The U.S. House on Friday passed major defense budget legislation aimed at authorizing funds for the Pentagon that was inclusive of language restricting LGBT rights.
By a vote of 299-120, the Republican-controlled House approved its version of the fiscal year 2013 defense authorization bill. The $642 billion package aims to provide funding for military programs and pay for service members, but includes anti-gay provisions that were adopted by the House Armed Services Committee during its markup of the legislation.
One provision in the bill, the “conscience protections,” is for military personnel and chaplains who object to homosexuality. Under the language, service members could harass gay colleagues and chaplains could discriminate against service members by religion, gender, sexual orientation or race.
Aubrey Sarvis, executive director of the Servicemembers Legal Defense Network, said he’s “disappointed” the language was included in the legislation passed by the House.
“The fact of the matter is, there are already in place adequate protections for chaplains and service members in this area,” Sarvis said. “This language weakens implementation of ‘Don’t Ask, Don’t Tell’ repeal, which Americans support and which our nation’s military leaders have said is being implementing smoothly.”
Another provision in the bill would prohibit same-sex couples from holding marriage ceremonies on Defense Department property. The Pentagon has previously issued guidance saying such facilities should be available on a sexual orientation neutral basis.
Sarvis also objected to this language in the legislation.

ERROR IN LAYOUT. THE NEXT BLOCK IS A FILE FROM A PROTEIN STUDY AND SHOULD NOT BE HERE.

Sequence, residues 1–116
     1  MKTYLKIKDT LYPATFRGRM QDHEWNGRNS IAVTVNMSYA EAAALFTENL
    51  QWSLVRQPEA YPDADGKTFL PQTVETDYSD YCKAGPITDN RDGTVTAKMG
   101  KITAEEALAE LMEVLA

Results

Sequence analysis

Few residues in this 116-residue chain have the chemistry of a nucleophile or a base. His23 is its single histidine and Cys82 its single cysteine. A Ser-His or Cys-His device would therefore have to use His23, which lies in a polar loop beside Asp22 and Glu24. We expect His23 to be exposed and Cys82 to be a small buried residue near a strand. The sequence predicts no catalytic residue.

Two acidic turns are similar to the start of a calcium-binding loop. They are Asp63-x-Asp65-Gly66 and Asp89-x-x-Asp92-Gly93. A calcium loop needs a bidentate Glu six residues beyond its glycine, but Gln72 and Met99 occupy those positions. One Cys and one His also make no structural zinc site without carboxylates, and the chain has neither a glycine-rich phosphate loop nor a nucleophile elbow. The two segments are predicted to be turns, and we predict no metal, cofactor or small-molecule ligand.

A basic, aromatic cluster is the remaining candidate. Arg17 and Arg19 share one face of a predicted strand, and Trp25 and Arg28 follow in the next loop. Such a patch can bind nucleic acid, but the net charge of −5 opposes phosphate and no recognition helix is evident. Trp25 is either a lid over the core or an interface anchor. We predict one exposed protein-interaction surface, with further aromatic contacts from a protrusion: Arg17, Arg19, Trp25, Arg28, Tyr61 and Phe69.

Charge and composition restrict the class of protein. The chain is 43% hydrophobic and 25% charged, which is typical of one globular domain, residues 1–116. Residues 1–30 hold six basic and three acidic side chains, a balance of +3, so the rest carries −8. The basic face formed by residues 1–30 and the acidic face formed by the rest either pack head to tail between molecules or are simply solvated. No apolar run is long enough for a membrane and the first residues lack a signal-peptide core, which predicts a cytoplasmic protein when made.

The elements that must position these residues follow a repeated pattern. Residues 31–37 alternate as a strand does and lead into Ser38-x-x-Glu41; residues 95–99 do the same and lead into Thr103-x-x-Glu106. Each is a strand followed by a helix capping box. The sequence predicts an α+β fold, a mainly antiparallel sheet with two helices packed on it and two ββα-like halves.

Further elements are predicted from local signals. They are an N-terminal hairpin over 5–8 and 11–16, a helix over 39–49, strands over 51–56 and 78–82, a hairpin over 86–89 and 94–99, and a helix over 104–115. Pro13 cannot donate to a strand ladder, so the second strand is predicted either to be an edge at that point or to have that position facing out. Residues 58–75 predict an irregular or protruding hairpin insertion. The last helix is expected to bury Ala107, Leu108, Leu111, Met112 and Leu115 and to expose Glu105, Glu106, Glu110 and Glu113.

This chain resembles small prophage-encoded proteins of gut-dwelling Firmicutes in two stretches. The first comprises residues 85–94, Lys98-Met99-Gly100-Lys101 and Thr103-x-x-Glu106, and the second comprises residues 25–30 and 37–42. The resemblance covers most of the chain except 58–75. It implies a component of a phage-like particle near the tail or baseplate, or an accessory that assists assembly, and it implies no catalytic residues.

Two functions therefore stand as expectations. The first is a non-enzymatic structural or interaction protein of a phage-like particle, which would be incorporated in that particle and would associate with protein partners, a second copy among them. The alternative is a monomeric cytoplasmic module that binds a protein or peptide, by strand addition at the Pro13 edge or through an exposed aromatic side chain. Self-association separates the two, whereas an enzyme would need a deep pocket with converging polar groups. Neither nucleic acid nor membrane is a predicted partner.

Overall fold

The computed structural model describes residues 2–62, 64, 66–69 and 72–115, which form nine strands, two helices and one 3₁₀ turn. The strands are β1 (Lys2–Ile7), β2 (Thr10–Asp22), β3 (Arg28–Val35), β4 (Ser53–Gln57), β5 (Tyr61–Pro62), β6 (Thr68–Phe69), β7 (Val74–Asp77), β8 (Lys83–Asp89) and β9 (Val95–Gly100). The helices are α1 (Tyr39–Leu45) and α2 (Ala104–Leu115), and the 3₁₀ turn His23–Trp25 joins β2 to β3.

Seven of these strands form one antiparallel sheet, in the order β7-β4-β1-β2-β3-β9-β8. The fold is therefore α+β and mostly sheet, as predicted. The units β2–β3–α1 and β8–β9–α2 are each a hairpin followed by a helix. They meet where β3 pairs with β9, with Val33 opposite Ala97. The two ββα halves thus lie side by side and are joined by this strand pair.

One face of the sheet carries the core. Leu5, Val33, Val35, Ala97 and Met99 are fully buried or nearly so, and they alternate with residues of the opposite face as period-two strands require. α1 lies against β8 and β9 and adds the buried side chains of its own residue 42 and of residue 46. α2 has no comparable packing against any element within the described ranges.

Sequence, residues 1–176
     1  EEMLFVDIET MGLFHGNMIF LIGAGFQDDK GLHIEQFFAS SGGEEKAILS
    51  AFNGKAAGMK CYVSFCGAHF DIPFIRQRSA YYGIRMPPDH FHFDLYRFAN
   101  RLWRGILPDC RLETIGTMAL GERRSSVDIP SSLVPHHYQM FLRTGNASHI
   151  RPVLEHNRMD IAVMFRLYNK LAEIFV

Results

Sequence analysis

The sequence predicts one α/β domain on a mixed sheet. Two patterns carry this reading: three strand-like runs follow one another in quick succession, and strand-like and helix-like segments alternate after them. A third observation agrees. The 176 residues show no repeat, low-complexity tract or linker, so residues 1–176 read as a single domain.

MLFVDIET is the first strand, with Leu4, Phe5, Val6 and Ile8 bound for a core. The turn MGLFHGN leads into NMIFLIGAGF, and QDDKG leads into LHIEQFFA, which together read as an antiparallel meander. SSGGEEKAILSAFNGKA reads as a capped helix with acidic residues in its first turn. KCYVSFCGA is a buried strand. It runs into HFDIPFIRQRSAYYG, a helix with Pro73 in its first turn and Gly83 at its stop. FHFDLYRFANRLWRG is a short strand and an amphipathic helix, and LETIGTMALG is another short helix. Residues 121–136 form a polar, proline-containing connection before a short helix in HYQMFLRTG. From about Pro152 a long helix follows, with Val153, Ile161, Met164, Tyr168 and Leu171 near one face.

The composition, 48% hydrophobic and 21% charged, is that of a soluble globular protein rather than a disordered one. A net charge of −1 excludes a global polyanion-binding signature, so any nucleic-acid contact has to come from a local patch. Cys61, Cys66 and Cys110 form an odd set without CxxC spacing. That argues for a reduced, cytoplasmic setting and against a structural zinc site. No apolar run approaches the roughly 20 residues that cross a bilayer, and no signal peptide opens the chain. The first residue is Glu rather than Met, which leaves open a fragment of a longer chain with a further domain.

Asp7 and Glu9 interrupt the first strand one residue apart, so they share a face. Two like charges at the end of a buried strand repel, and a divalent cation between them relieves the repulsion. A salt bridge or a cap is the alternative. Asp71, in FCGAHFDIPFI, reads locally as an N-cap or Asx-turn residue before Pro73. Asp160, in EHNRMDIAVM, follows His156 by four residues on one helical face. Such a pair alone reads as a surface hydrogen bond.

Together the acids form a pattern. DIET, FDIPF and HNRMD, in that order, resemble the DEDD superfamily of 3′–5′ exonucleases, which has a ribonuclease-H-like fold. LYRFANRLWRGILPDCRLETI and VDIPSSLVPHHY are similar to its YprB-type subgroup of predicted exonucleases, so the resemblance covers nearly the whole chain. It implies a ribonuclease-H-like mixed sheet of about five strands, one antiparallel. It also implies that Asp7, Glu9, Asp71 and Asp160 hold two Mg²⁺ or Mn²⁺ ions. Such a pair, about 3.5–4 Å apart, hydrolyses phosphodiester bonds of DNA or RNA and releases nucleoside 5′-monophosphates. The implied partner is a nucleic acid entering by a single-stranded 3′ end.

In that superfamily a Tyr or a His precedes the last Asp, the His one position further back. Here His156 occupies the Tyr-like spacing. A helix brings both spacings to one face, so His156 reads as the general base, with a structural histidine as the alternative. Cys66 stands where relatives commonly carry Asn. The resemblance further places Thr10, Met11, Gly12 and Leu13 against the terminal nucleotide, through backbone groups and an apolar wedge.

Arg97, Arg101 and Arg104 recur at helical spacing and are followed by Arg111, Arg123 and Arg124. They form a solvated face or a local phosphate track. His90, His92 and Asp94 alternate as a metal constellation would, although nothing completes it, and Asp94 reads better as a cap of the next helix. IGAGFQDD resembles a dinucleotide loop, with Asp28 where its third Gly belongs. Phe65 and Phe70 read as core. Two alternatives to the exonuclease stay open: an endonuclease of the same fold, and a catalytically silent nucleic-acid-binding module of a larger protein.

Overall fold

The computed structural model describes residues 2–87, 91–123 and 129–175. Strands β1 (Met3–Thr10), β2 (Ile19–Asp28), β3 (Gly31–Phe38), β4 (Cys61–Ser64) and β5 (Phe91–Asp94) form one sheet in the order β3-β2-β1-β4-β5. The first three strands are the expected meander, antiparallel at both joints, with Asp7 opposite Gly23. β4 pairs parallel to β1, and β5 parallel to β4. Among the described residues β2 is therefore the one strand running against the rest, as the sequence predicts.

“This is yet another attempt by a few opponents of military equality who are looking to turn the clock back on progress and relegate gay and lesbian service members to second-class status,” Sarvis said.
The White House Office of Management & Budget issued a Statement of Administration Policy earlier this week objecting to the anti-gay provisions, calling language barring same-sex couples from marrying on military bases “potentially unconstitutional.” The White House issued a veto threat on the legislation based on certain provision in the bill, included provisions related to the detention of detainees, but stopped short of explicitly stating the anti-gay language merited a veto.
The Senate has yet to take action on its version of defense authorization legislation for the upcoming fiscal year. Next week, the Senate Armed Forces Committee will begin its markup. Differences between the House and Senate versions will be addressed in conference committee later this year.
Similar anti-gay language was included last year in the previous House version of the defense authorization bill. The language was ultimately removed in conference committee before each chamber voted again to approve the final version of the legislation.
CORRECTION: An initial version of this article incorrectly stated service members could opt out working gay colleagues under the “conscience protections” in the legislation. The Blade regrets the error.